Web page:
Economy

Pinterest reaches $ 22.5 million settlement in gender discrimination lawsuit

Pinterest Corporation It agreed to pay $ 22.5 million to settle claims of gender discrimination and reprisals against it Chief Operating Officer Françoise Brueger, as Silicon Valley faces mounting pressure to address issues of discrimination and diversity within its ranks.

Mrs. Brueger lawsuit Pinterest in August, claiming that Social media The company has maintained a culture of secrecy among senior male executives which has resulted in it being excluded from meetings and decision making.

In one blog, the company was accused of a hostile work environment for women and that “female executives, even at the highest levels, are marginalized, excluded and silenced.”

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Ms. Brueger, former CEO of Square Inc. And Alphabet Inc. Google, Was hired in 2018 and became Pinterest’s first female COO and one of the company’s best female personalities. She said she was expelled in April.

“Pinterest understands the importance of promoting a diverse, fair and inclusive work environment, and will continue its business to improve its culture,” the company said in a joint statement with Ms. Brugger. The company settled the lawsuit without admitting any liability.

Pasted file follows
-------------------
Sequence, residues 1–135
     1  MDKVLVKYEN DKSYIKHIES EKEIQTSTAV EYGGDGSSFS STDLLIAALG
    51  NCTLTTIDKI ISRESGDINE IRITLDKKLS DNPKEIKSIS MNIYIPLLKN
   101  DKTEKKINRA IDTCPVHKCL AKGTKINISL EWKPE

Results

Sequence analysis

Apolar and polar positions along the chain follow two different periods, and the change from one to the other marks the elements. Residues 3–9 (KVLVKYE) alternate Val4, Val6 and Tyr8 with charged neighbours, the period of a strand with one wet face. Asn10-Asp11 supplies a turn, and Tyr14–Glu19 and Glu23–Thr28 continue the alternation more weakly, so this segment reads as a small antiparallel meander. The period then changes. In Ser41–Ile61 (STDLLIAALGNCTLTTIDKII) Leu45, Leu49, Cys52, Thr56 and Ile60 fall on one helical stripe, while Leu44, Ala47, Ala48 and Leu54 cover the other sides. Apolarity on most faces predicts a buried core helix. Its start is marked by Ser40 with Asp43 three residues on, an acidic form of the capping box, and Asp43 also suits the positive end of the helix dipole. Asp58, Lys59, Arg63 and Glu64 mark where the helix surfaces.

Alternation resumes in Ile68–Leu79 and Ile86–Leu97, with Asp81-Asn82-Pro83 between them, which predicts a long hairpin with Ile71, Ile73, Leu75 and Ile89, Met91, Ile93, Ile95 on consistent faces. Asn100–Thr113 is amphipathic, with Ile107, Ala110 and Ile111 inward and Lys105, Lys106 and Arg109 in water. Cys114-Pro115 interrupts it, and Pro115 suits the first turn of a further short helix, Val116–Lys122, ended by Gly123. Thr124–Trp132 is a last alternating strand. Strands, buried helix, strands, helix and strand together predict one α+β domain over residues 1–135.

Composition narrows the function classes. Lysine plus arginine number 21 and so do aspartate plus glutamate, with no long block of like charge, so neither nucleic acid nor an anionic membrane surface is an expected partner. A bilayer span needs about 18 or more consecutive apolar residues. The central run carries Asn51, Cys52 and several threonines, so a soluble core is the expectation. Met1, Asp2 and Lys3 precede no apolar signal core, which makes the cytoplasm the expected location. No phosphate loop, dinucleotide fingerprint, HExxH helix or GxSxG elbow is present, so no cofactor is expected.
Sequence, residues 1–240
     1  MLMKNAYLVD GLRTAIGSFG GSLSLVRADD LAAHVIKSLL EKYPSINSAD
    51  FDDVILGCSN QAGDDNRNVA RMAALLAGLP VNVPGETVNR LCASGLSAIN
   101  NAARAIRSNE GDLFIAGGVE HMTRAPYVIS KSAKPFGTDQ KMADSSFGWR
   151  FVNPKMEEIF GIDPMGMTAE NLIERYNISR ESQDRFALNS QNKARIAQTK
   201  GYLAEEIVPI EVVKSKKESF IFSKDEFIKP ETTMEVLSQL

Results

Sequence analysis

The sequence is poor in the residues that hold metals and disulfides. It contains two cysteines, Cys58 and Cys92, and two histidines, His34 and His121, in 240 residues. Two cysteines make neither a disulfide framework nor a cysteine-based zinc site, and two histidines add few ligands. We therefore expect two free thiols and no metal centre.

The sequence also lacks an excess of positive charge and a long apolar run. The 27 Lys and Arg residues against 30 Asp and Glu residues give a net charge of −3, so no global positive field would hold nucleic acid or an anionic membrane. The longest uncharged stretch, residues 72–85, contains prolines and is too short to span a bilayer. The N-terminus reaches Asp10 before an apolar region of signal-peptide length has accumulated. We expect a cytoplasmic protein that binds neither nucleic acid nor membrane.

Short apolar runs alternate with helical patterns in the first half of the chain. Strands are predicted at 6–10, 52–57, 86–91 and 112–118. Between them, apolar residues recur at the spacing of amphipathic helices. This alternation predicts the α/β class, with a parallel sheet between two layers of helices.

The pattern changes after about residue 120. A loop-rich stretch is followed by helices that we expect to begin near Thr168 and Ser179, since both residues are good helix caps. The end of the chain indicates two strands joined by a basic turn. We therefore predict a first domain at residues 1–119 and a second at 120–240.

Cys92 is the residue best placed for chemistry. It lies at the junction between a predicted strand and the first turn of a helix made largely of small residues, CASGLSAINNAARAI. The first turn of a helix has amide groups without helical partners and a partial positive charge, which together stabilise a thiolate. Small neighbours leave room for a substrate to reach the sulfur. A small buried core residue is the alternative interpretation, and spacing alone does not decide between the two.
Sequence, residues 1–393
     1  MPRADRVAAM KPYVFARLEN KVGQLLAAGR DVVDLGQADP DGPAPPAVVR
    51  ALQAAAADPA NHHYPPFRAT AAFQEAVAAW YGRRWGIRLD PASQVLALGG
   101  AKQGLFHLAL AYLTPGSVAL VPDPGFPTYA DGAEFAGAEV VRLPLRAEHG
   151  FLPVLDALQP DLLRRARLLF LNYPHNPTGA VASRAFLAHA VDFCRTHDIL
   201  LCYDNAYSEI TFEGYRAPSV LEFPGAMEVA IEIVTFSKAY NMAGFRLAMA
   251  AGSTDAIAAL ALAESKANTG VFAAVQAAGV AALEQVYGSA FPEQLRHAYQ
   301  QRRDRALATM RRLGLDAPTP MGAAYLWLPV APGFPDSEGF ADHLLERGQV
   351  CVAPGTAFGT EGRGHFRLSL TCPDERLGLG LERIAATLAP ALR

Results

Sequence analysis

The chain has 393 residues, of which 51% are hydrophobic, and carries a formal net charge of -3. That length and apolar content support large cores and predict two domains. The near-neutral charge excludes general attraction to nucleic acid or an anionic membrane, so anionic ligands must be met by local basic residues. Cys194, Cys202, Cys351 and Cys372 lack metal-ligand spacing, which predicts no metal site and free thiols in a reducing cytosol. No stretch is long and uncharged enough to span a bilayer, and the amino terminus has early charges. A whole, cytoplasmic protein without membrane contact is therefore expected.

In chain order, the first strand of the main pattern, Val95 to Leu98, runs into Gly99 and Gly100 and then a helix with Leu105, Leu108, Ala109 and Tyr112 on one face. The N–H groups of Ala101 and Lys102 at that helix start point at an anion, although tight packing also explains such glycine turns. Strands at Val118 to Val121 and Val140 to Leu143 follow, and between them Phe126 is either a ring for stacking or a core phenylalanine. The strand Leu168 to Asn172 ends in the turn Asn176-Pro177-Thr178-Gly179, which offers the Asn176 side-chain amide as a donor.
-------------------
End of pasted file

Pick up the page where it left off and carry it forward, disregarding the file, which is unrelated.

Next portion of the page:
Pinterest will pay Ms Brougher and her attorney $ 20 million and invest $ 2.5 million to advance women and underrepresented communities in the tech industry, according to the statement.

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The company has been publicly accused of other cases of gender bias and racial discrimination. In June, two former employees, Evuma Ozuma and Erika Shimizu Banks, who are black, said they were paid less than their male counterparts and were retaliated for speaking about it.

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Their criticism led to a wave of support as employees posted messages on Slack channels supporting the allegations and pushing for improvements in the company. Employees asked supporters to use the hashtag #changeatpinterest and sign a petition calling for an end to discrimination and retaliation in the company.

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Soon after, the firm said it had hired a law firm to conduct an independent review of its workplace culture.

In August, the company appointed Tay McCray as global head of inclusion and diversification, reporting to co-founder and CEO Ben Silberman.

Pinterest has added two black women to its board of directors. The photo-sharing company brought in veteran media director Andrea Wachom and former Walt Disney CEO Sallam Colman Smith as directors.

In the statement, Ms. Brugger said she was encouraged by Pinterest’s actions to help employees feel included and supported.

Sarah E. Needleman contributed to this article.

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